Observations by RICK ELKIN
I read a blog that responded to an inquiry, “What is the difference between a column and a blog?”
The responses and ensuing counter comments were so long I gave up reading it. It came off as a very tedious college lecture-hall debate where no one really answered the question. The truth is, I have asked myself that question many times.
In the article, the writer opined that blogs are a starting point for columns. I agree, writing a blog is like taking batting practice. My blogs are there to give me practice swings that have no consequence. I can be aggressive, even reckless, and carefree. I blog to create muscle memory so I can get a hit later when the game is on the line.
Blogging is preparation for Gameday.
Newspaper columns are my Gameday. By nature, newspaper columns must be limited in length, and very focused. I have to be conscious of the readership and who I am sharing my thoughts with. To a certain degree, I have to censor myself to keep my emotions under control. My editorial manager says, “Don’t go up there swinging at everything. Be selective!”
It was also suggested that blogs are by nature “interactive” so readers can see alternate views and therefore blogs are discussions. OK, I understand that concept and recognize that most blogs are just that, an online water cooler conversation. As for me, I am not interested in discussions in the media. If you want a media forum for discussion, use Twitter.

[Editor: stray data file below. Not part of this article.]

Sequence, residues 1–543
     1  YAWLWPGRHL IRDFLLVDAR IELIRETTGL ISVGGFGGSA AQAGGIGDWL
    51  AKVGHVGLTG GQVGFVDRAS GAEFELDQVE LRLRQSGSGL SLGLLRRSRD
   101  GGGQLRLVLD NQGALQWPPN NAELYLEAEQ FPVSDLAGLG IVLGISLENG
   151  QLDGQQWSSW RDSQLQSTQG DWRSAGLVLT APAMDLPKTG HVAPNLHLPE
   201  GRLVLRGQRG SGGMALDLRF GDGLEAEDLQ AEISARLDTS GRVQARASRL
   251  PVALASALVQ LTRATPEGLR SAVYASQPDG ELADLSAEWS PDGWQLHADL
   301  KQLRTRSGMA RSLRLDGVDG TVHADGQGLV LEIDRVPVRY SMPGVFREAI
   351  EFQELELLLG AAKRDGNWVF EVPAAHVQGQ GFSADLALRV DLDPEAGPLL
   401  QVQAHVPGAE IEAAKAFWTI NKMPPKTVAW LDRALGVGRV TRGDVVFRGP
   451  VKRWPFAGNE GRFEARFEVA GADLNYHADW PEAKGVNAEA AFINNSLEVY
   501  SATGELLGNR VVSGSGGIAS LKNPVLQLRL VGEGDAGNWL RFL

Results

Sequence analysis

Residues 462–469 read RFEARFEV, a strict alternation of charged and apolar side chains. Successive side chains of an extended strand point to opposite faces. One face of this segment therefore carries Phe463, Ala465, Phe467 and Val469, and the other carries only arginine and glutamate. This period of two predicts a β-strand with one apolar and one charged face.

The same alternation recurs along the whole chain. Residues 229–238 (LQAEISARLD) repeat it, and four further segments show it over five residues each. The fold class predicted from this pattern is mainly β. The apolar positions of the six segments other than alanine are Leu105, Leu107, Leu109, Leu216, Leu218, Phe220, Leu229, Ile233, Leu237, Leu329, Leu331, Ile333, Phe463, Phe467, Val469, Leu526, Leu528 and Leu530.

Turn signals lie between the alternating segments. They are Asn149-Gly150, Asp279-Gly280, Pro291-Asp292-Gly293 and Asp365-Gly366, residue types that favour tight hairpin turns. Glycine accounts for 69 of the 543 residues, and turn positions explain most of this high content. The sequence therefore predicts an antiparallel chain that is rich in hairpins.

My columns and blogs are mostly personal outbursts. I try to package them in an intellectually honest, and emotionally revealing way, but I am at that moment not interested in what other people think about my thought process. If I did, it might influence my thinking. If you allow the reader to look over your shoulder, how can any writer avoid intimidation or pandering?
I am obligated to articulate a point of view. To define a political or cultural mindset, and how it impacts all of us. I have a responsibility to be thoughtful and not just throw bombs. You could say columnists are making a formal presentation, and bloggers are informal. So for me, blogging is batting practice, my columns are Gameday and my books are the World Series.
Most bloggers are content to toss their ideas into the blogosphere and watch them be discussed, discounted, embraced or dismissed indiscriminately. Their importance gets lost in a virtual continuum. Here today, gone tomorrow. There is such an oversupply of opinion online, that it’s real-time value has been diminished. Between all of the social media platforms, podcasting, and YouTube, blogging is like a leaf in the wind.
That leaf is going to land somewhere, and become the mulch for another breeding ground. It may not seem important now, but it could be critical to giving life to something special later.
My goal is to publish things that can stand the test of time. Subjects and perspectives that will be instructional next week, or next year. I relish the idea that my columns and books will actually stimulate real conversations. There is nothing I enjoy more than when someone says to me “I saw your column yesterday. I must say, I don’t entirely agree with you.”
That is a fastball right down the middle.
Rick Elkin is a cultural and media observer, author and columnist. His most recent book, “Trump’s Reckoning: Bulldozing Progressivism, Rebuilding Americanism”, is available through most online booksellers. He resides in Escondido, California. You can follow him at RickElkin.com or on Twitter @Rick_Elkin.